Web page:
Diane Parkes visits the Canadian town which is the polar bear capital of the world.
I blame Teddy Roosevelt. When the former American president popularised toy bears he was creating a love affair that would last for life. How can anyone who grew up with Winnie the Pooh or a now battered ted not adore bears?
Which is why, even though I knew the approaching polar bear could kill with one bite of its massive jaws, it still looked adorable to me.
And I was not alone in that. Cameras were clicking and videos whirring as the bear came closer and closer.
She had been walking in the distance on the ice but, seeing the massive buggy we were all sitting in, decided to come over for a better look. Face in the air, she stepped forward until almost within touching distance. As her nose raised and sniffed in an attempt to identify us I was sure this bear would come right up to the buggy. But then a sudden movement from a fellow tourist spooked her and she turned and ran. Polar bears may be massive but they are also just a little bit nervous.
This was just one of countless meetings with bears during a four day visit to Churchill in Manitoba, Canada.
Organised by local travel company Frontiers North, our trip began in a hotel in Winnipeg with an introductory talk and the chance to meet the other 20 people on our tour. Early the next morning we were flown up to Churchill where we spent two days out on the tundra looking for polar bears and two days visiting museums, on a dog sledding trip and with free time to explore or arrange other excursions.
The tiny town of Churchill has just a handful of streets, can only be reached by rail or air, and would be relatively unknown but for one thing. It claims to be the polar bear capital of the world.
And justly so. Each year hundreds of descend on an outcrop of tundra just outside Churchill for roughly six weeks over October and November and wait.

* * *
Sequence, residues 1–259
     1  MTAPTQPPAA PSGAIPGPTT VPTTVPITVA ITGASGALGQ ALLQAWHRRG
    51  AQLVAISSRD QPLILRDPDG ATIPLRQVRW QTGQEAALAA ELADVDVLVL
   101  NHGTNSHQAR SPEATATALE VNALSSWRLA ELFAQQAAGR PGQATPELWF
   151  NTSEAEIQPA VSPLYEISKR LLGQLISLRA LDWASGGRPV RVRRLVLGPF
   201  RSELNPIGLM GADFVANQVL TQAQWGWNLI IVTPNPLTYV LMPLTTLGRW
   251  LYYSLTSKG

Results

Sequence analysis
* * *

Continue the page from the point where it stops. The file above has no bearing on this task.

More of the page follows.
They are waiting for the ice on the massive Hudson Bay to freeze so they can disappear out onto its waters and indulge in their favourite occupation, hunting seals. But until the ice sets there is nothing to do except sit tight.
And, while they are sitting tight, the bears prove to be just the biggest travel draw in this part of Canada. People come from all over the world to see them.
Churchill’s population normally sits at around 850 people but during polar bear season, that number is swelled by roughly 300 additional workers and 10,000 visitors.
No wonder Churchill loves its bears. Pop into one of the handful of gift shops along its “main” road, the grandly named Kelsey Boulevard, and you can find anything from polar bear pyjamas to bags of polar bear poo, otherwise known as chocolate drops.
And everyone you talk to asks “did you see any bears today?”
The high point for any visit to Churchill is the days out bear spotting in the tundra buggies. These leviathans are perfectly equipped for the job. Tyres as big as the drivers ensure the buggies can cover the terrain and keep the tourists well out of reach of bears who, when standing on their hind legs, can reach to more than nine feet tall. The buggies are heated to fend off temperatures well below zero but windows along each side and a viewing platform on the back ensure good visibility. Rules are strict, there is no feeding or encouraging the bears, as townspeople are keen to ensure people and animals do not become too friendly.